A new crisis of confidence gripped Europe's banking industry on Thursday as its borrowing costs soared, lenders sought emergency funding, and some institutions reviewed exposure to French banks in particular.
Shares in Societe Generale
Attempts to reassure the market by the bank's boss and the governor of the Bank of France had little effect for much of the day. Share prices had nevertheless recovered by close of trading, and a regulatory source dismissed rumors of a ban on short-selling to prop up bank stocks. Such a move doesn't look likely, the source said.
European regulators were holding a teleconference that had been running for more than an hour, organized by EU financial markets watchdog ESMA, to discuss the volatility in banking shares, sources later told Reuters.
French banks have an unusually high exposure to some of the European countries whose debt levels are starting to look unmanageable.
They have big holdings of Italian government bonds and subsidiaries in Greece. Fears about France's own sovereign health and a reliance on strained short-term funding markets have made them a target in recent days.
But the loss of faith runs deeper and wider than the focus on SocGen and its fellows.
With banking rumors surfacing yesterday, it feels like the run-up to Lehman's collapse, where banks don't trust each other, said Commerzbank rate strategist Christoph Rieger.
The three-month euro-dollar cross-currency basis -- which reflects the premium for swapping euro Libor into dollar Libor -- widened to as much as 95 basis points, up around 40 bps since the start of August, though still well short of the 300 bps seen at the height of the financial crisis.
Emergency overnight borrowing from the European Central Bank surged, with banks taking over 4 billion euros of overnight funds from the ECB, the highest since mid-May.
The signals coming from Europe set off alarm bells in Asia. Banking sources told Reuters that one bank in the region had cut credit lines to major French lenders, while five others were reviewing trades and counterparty risk.
Investors saw the latest loss of confidence as a sign that few of the problems that brought bank lending screeching to a halt last time around have really gone away.
The market is already broken. It has never fully recovered anyway from 2008. Liquidity comes in fits and starts, and risk appetite in the banks is understandably very modest, said Stephen Snowden, fixed income manager at Aegon Asset Management.
Long-only fund managers are pulling their money out of euro zone banks and sovereigns, worried the region's monetary union has neither the political cohesion nor financial firepower to prevent a re-run of the 2008 credit crunch.
But contrary to popular belief, prime brokers say hedge funds are not behind the recent most dramatic falls among French banks.
SocGen shares closed up 3.7 percent on Thursday after having been down as much as 9 percent, in volume nearly three times the average over the past 90 days.
The European banks index <.SX7P> was 3.9 percent higher, with BNP Paribas
Earlier in the afternoon the cost of insuring SocGen debt against default had risen, with five-year credit default swaps 31 basis points wider at 365 basis points, Markit said.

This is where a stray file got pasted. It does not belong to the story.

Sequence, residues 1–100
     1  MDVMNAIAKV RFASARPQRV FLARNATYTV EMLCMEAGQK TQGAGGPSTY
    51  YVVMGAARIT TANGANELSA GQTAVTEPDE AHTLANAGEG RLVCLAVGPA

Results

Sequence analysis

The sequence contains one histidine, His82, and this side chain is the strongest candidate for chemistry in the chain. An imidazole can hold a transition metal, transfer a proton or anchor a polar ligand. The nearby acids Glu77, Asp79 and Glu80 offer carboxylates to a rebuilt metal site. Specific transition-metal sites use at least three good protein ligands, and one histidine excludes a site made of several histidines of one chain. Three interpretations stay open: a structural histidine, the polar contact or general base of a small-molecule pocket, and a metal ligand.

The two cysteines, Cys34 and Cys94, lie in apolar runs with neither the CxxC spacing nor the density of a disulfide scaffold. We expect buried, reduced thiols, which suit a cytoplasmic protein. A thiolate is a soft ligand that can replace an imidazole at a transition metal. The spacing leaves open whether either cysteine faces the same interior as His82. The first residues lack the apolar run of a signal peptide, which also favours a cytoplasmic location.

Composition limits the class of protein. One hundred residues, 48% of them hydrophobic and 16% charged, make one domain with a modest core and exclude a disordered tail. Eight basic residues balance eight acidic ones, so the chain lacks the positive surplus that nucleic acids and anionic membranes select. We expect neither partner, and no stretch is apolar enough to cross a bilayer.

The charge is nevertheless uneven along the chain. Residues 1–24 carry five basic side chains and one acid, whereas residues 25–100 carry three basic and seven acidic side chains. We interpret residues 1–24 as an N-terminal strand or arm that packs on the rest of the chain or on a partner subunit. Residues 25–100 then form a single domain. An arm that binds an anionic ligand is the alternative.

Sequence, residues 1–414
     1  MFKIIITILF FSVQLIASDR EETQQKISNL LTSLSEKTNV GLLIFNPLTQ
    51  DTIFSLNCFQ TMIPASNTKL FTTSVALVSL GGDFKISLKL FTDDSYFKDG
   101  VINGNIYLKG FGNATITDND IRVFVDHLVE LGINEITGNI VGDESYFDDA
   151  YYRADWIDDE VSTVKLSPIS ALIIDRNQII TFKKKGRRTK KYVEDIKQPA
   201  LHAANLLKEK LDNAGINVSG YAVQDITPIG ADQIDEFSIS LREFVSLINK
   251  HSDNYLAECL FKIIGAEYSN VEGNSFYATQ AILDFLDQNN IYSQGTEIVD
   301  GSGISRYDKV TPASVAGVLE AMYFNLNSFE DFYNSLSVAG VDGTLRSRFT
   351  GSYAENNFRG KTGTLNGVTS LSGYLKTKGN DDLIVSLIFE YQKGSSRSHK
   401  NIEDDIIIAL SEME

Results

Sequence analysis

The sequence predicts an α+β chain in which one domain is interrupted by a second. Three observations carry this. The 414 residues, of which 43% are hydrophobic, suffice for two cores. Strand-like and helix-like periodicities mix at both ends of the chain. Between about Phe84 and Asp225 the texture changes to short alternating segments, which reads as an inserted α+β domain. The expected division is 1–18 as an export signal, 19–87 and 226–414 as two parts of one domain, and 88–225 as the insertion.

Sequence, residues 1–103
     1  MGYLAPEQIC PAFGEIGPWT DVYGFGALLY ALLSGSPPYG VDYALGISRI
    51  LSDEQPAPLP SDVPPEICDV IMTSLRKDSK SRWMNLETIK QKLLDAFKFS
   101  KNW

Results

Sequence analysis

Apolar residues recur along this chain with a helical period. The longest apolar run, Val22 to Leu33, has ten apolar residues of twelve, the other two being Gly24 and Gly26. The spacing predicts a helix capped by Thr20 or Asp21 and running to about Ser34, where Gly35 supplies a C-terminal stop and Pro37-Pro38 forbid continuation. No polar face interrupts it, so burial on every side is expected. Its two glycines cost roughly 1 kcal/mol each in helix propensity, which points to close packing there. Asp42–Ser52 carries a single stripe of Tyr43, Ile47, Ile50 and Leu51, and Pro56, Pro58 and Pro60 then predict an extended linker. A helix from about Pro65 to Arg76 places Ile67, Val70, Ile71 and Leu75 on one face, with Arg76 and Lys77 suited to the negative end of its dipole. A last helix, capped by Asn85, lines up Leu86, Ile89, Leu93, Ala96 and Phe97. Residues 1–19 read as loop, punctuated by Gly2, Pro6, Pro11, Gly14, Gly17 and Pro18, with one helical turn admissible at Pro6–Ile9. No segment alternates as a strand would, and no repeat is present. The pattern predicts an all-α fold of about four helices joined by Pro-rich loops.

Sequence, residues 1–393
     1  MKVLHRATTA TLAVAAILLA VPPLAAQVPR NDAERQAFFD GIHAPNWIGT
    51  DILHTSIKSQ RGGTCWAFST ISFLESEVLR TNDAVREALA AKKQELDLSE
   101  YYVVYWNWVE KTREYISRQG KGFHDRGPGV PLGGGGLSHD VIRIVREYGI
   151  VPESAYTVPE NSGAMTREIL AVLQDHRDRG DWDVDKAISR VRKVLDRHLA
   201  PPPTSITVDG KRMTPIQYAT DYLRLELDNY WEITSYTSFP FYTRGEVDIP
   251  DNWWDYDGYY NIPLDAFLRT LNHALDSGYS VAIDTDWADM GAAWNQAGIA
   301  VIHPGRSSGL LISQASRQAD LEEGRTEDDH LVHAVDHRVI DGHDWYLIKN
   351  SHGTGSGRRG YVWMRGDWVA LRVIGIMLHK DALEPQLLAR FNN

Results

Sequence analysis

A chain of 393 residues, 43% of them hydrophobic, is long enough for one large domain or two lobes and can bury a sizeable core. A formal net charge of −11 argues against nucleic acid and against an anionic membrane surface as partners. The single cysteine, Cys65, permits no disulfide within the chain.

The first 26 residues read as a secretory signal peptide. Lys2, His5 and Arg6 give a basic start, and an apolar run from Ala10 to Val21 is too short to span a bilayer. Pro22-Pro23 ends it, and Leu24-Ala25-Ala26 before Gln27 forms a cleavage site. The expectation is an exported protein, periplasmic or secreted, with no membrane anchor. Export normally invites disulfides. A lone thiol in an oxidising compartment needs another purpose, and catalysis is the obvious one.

Bank of France Governor Christian Noyer said on Thursday that French banks were solid and that their solidity would not be affected by recent market turmoil.
Their capital levels, boosted by strong equity capital, are adequate, and their medium- to long-term financing programs are being carried out in perfectly satisfactory conditions, Noyer said in a statement.
WATCHDOG WARNS AGAINST RUMOR-MONGERING
In an interview with Le Figaro newspaper, SocGen's Oudea said the bank had come under a series of attacks in the stock market. It had not experienced any losses in particular in the past few days, and its results to date were satisfying, he said.
To our clients, we have to tell them that these rumors are baseless and that they can have confidence in Societe Generale, Oudea told France Info radio. They should not listen to this stuff, which is totally baseless.
France's AMF financial watchdog issued a statement to warn against spreading unfounded rumors. SocGen has called on the AMF to investigate their source.
SocGen reaffirmed its ability to generate solid results in the future, based on its performance in July and early August. It added that it had successfully completed almost all of its 2011 financing plan.
It is quite likely in our view that funding will not become a serious issue for the large French banks, that anxieties subside and that the shares rebound, RBS analysts said.
But there is a non-trivial risk that confidence deteriorates further.
Investors have speculated SocGen may have to raise about 3 billion euros to reach new global capital standards if the euro zone crisis worsens.
The bank, still trying to rebuild its credibility after the Jerome Kerviel rogue-trader scandal in 2008 in which it lost 4.9 billion euros ($6.9 billion), also issued a profit warning last week.
The negative headlines had been wearing on SocGen employees, with some fearing for their future, but the statements from the bank's top brass and S&P's confirmation of France's rating helped restore sentiment.
The mood was terrible, but people felt a bit better after S&P, one London-based dealer said.
(Additional reporting by Matthieu Protard, Blaise Robinson, Alexandre Boksenbaum-Granier, Claire Watson and Leila Abboud in Paris; Rachel Armstrong and Saeed Azhar in Singapore and Natalie Harrison, Steve Slater, Sinead Cruise and Alex Chambers in London; Writing by Andrew Callus; Editing by Geert De Clercq and Will Waterman)